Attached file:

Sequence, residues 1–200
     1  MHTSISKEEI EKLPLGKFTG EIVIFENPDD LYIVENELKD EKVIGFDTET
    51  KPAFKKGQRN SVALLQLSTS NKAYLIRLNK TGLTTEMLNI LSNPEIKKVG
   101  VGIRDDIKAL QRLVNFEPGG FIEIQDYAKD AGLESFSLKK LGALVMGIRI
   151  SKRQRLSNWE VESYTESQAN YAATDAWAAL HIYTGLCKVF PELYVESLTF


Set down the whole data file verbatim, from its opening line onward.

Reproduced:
Sequence, residues 1–200
     1  MHTSISKEEI EKLPLGKFTG EIVIFENPDD LYIVENELKD EKVIGFDTET
    51  KPAFKKGQRN SVALLQLSTS NKAYLIRLNK TGLTTEMLNI LSNPEIKKVG
   101  VGIRDDIKAL QRLVNFEPGG FIEIQDYAKD AGLESFSLKK LGALVMGIRI
   151  SKRQRLSNWE VESYTESQAN YAATDAWAAL HIYTGLCKVF PELYVESLTF